BOSTON (TheStreet) -- I'm really excited to bring you the nominees for the Best Biotech CEO of 2014 award. I usually write an introduction discussing how I came to choose this year's finalists, but let's skip THAT this year. The incredible achievements of the CEOs below speak for themselves.
This year's nominees are Kevin Conroy of Exact Sciences (EXAS) , Ron Renaud of Idenix Pharmaceuticals, Prosensa's (RNA) Hans Schikan, co-nominees David Schenkein of Agios (AGIO) and Nick Leschly of Bluebird Bio (BLUE) , and finally, Dan Welch of InterMune (ITMN) .
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One of these executives, or our co-nominees, will win the Swanson Trophy, named in honor of Robert Swanson, Genentech's founding CEO. He will inherit the award from the 2013 winner, Bob Hugin of Celgene (CELG) . Like in past years, your input will help choose this year's Best Biotech CEO.
Please read the nominating summaries and vote for your favorite candidate in the interactive poll at the end of the story. I'll tally your votes and award the trophy next week.
Kevin Conroy, Exact Sciences
I first met Conroy in January 2010 during the JPMorgan healthcare conference in San Francisco. This was about a year after he joined the company as its chief executive. We sat down at a small table in the lobby of one of the hotels in that city's Union Square.
He talked openly about Exact Sciences' troubled past and why its previous stool-based genetic screening test for colon cancer had flopped commercially. He then laid out plans for a new, more sensitive version of the test which he believed would detect about 85% of early cancers and 50% of pre-cancerous lesions. The new test would also be much easier to use, he said, driving compliance rates higher.
Indeed, colon cancer is preventable when pre-cancerous lesions are detected early and removed.
Conroy believed Exact Sciences could play a role in reducing the incidence of colon cancer, just as HPV testing accomplished for cervical cancer. Conroy spoke from experience. Before joining Exact Sciences, he was CEO of Third Wave Technologies, maker of an HPV test later acquired by Hologic.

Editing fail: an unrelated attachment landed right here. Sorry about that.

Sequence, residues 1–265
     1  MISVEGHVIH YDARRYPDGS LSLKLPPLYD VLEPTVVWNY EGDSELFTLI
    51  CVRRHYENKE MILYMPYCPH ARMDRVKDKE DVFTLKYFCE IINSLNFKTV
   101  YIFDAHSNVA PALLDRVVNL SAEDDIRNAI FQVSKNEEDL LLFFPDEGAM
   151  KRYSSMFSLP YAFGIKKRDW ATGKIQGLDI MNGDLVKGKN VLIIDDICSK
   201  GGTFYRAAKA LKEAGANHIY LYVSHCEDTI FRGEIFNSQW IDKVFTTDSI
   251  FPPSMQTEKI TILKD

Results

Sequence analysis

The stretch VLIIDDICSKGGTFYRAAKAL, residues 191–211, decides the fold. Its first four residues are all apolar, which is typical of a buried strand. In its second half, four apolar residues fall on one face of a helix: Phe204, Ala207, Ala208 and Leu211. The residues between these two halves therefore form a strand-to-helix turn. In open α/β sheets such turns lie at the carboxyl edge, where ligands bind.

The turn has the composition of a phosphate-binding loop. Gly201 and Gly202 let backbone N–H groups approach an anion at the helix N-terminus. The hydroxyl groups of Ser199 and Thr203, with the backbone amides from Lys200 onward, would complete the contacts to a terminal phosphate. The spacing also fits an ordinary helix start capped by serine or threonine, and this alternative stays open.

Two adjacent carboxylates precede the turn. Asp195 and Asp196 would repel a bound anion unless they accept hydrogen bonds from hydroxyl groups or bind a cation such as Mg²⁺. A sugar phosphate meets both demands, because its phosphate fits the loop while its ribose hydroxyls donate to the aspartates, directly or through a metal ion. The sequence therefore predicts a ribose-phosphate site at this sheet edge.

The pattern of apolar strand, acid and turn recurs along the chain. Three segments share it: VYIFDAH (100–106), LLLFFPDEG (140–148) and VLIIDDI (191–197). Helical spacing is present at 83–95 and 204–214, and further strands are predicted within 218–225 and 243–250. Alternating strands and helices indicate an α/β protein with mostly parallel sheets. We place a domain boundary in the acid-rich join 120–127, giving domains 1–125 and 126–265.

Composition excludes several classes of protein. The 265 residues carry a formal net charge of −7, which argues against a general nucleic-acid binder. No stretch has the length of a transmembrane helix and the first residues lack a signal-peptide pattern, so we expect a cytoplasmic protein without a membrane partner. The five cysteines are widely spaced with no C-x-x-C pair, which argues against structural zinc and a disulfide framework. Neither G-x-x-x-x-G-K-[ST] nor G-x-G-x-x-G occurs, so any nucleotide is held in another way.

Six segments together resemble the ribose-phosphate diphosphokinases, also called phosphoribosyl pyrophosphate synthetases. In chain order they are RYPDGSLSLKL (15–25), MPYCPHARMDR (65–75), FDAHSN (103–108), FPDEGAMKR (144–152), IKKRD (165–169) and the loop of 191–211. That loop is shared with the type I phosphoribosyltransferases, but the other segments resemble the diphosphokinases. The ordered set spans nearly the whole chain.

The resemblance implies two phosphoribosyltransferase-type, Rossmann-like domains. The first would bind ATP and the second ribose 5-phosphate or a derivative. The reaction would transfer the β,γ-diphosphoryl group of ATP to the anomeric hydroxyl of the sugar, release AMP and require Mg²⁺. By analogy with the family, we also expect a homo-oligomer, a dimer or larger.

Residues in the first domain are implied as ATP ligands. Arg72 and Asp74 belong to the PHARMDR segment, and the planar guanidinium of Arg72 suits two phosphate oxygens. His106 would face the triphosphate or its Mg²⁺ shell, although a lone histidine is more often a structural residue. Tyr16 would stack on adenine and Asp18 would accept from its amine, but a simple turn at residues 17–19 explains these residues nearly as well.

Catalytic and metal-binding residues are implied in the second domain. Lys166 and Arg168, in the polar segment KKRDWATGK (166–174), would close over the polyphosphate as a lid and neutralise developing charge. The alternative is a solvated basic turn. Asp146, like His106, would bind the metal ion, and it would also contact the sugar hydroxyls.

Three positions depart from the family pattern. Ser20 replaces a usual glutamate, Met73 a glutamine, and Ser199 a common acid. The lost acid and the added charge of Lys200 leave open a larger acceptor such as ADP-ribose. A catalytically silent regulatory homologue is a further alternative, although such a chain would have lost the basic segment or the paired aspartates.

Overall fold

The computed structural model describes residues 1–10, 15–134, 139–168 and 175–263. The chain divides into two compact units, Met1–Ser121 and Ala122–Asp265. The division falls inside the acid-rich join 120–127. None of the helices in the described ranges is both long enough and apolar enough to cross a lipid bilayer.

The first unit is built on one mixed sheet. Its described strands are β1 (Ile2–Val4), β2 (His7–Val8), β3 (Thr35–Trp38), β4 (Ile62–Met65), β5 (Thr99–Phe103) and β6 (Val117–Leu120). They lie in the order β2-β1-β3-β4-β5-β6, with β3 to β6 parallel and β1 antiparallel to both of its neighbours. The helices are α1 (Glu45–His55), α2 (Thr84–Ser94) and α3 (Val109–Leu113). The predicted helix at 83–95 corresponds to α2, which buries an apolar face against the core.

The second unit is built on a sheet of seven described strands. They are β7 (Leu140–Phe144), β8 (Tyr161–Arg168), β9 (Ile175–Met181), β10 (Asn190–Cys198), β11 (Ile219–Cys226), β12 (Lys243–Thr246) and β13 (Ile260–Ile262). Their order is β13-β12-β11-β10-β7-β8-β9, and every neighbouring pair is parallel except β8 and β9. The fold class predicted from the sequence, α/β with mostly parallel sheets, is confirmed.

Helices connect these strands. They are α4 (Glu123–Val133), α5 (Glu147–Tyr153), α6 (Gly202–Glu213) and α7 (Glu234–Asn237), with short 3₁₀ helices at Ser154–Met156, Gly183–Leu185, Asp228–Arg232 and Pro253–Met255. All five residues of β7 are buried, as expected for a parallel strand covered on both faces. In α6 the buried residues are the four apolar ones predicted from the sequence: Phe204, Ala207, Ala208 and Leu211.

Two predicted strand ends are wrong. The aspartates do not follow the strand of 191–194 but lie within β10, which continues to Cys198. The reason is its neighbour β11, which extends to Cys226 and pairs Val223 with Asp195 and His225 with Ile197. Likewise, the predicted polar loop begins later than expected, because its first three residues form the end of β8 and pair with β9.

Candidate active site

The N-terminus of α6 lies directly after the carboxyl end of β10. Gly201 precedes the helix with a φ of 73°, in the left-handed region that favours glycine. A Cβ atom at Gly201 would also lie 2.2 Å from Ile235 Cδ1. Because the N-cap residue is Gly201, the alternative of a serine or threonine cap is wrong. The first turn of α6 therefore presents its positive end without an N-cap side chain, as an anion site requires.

Four years after our first sit-down, Exact Sciences, under Conroy's leadership, secured FDA approval for Cologuard. The new stool-based genetic screening test is capable of detecting 92% of cancers and 69% of pre-cancerous lesions, making it the most sensitive, non-invasive test for the early detection of colon cancer.
Concurrent with FDA approval, Cologuard received an important and positive reimbursement coverage decision from Medicare and at a price -- $500 per test -- which investors loved.
Cologuard is still in the early months of its commercial launch, so Exact has much work left to do. But it's easy to have confidence in Conroy and his team given his outstanding record of over-delivering on promises made during the past four years.
Ron Renaud, Idenix Pharmaceuticals
Let's see a show of hands from those who smirked in disbelief at any time over the past several years when Idenix CEO Renaud said he could deliver on the company's goal to win in the hepatitis C drug race. Yup, that's what I thought. Just about everyone's hand is raised. Admit it, we all thought Renaud was half crazy and half snake bit.
At times, it seemed like Idenix was running in place dealing with sweeping FDA clinical holds and competitors zooming ahead.
But with stoic determination, Renaud and his Idenix team just kept plugging away. "I know there's a perception that we're late to [hepatitis C] but the market will take a long time to play out and there will be plenty of room to operate when we get there," Renaud told me last January after raising more than $100 million at $6.50 a share.
Then, in June, Merck MRK bought Idenix for $24.50 per share, or $3.9 billion.
Hans Schikan, Prosensa
Let's compare two chief executives, both running companies developing new drugs to treat Duchenne muscular dystrophy, a rare, muscle-wasting disease. One CEO is gregarious in public, eager to court the support of patients and their families. He's a bit promotional and prone to making big promises. If he angers or offends anyone, it's only because he's working so hard to cross the finish line.
The other CEO is quiet, reserved. He cares just as deeply about patients and their families, but is also worried about making promises he can't deliver. He'd rather work behind the scenes to advance his company's goals instead of negotiating in public. Politeness is a virtue.
Who's been more effective in developing a new DMD drug so far? The first CEO's gabby nature and penchant for promise-making appears to give him the edge. Only later do we find out the CEO's feel-good story is a facade covering up fractious corporate infighting, poor decision-making and alienation of regulatory authorities. Patients and investors are punished.
Meanwhile, the second CEO deals diligently with setbacks, working to extricate his company from a foundering Big Pharma partnership in a position to still achieve its goals. He listens to regulatory authorities and quietly builds a case to support his drug's approval. There's nothing flashy about his approach, but it's effective. When the first CEO blows up and his drug is delayed, the second CEO is still standing. His company will be the first to submit for regulatory approval of a DMD drug.